Three Poems by Neil Surkan

Unbecoming

Night advances like molasses,
creeping over the carton-white
mountains. Next to this foreclosed
casino, a dormant bog shallow

breathes. Mealy ornamental apples
snick in tiny, frost-shocked trees
potted around the patio.
Across the valley, a last worker exits

the quarry, headlights glowing between
shale piles like a skull
placed on a candle. We’re due
for some luminous thinking –

this very early snow and all –
but why plan when you can gamble?
There’s only one guarantee:
nests naked without leaves,

vomit on the paving stones,
the world appears, exceeds, and un-
becomes too quickly for certainty,
just enough for love

to burn, burn with cold,
then go so numb –
blackening toe
we’ll salvage or cut tomorrow.

Reservoir

Carp lurk through suburbs
when runoff jumps the dam, sucks
manhole covers up like corks, slops
wallpaper with septic hands.

I mostly keep my body close – rove,
but rarely quit, its cul-de-sacs –
save in, say, a dense flicking
stand of thin birches, their tigered

stalks quivered by the spring
wind, cool light trickling
through the tossing stems.
Then, if lifted, if moved

to swim among the future
sprigs, balled now in burgundy-
armoured buds like tiny
minarets, I see it all

without me – abandoned nests,
old anthill dents – and am re-
minded that the verb to be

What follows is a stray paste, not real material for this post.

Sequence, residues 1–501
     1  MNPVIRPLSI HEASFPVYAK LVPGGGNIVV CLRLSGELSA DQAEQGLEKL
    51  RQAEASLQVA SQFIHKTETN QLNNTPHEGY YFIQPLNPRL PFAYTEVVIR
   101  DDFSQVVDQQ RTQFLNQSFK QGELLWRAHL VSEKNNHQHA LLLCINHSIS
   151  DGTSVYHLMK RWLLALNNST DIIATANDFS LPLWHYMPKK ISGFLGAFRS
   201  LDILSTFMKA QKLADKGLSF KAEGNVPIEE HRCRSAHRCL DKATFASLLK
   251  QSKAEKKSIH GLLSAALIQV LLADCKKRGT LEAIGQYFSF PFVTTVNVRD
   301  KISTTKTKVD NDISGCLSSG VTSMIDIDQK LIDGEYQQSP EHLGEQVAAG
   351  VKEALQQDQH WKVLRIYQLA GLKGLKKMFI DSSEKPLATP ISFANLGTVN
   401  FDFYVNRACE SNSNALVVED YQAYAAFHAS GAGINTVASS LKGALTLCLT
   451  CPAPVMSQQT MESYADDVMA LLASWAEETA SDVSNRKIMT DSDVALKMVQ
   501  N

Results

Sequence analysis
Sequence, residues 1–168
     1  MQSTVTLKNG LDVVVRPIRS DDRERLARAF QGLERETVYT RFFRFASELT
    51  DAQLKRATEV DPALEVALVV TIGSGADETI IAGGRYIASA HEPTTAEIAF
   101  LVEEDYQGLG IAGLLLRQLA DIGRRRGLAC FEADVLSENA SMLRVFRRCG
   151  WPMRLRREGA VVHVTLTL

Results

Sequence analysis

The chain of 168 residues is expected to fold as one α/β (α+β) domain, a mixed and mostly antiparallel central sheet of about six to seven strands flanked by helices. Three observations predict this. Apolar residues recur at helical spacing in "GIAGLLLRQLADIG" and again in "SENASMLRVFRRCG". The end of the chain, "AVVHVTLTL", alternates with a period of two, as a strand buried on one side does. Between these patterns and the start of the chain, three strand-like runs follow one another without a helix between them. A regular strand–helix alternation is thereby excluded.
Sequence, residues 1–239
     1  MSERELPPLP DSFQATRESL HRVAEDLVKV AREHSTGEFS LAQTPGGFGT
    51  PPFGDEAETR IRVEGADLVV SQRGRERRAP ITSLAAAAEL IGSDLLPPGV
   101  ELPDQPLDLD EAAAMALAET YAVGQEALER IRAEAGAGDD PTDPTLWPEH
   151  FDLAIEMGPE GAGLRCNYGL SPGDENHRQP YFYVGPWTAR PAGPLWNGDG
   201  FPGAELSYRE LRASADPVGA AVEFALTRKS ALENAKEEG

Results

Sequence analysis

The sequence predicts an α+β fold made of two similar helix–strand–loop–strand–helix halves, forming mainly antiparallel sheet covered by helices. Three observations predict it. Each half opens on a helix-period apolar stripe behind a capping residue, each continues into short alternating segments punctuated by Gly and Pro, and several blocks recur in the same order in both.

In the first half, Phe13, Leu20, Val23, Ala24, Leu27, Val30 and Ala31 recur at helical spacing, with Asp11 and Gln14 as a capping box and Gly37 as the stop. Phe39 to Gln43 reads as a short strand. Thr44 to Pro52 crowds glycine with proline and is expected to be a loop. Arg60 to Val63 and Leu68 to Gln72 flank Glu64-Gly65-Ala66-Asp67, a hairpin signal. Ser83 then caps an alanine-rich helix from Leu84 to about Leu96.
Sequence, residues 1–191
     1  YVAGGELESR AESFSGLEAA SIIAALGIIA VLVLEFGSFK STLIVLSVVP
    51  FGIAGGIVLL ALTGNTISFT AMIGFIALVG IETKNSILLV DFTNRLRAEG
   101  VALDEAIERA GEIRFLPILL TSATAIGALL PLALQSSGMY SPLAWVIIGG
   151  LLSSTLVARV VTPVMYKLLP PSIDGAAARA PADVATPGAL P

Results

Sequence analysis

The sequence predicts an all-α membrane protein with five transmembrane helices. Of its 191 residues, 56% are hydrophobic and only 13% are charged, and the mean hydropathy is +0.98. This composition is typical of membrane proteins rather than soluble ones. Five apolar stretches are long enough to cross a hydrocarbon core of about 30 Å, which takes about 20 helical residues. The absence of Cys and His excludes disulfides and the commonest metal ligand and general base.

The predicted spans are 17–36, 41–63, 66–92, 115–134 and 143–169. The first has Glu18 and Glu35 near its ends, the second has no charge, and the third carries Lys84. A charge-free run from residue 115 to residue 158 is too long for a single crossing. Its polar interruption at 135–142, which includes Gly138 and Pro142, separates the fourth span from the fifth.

gears down but never loses speed

completely. I am not undying,
nor ever pre-bloom, just
a reservoir of energies
that pour in, spool around me, stream

in floods of words that,
like fish scales on furniture,
cling for a while and shine
the dull way dried tears shine.

Death Perception

and depth
perception
are pretty
tight fields
of vision –
near, far,
an in-between
that lurches.
In the dim
gallery, I
tried to
eye Simon
Starling’s Infest-
ation Piece –
a replica
of Moore’s Warrior
with Shield
that, plunged in
Lake Ontario,
grew shingly
zebra mussel
patches – but
she, stooped like
my dead
grandmother,
kept standing
in front
of me, moving
when I moved, so
close the sculpture
fogged. Her tin
hair, still
pillow-dented,
glittered with
skin flakes
as did
her cable-knit
shoulders, shingly
with invasive
time. The rest
of the vast,
nebular room
shied
from view,
save a lurid
exit sign.
The sculpture
has no
head. The ghost
could not
hear. I
saw clearly
there’s no
turning back.


Neil Surkan is the author of the poetry collection On High (McGill-Queen’s University Press, 2018) and the chapbook Super, Natural (Anstruther Press, 2017). A new chapbook, Desire Path, is forthcoming from Knife-Fork-Book (Fall, 2020). His most recent poems have appeared or are forthcoming in THIS Magazine, Prairie Fire, The Literary Review of Canada, PRISM international, and Riddle Fence, among others. He lives in Calgary, Alberta.

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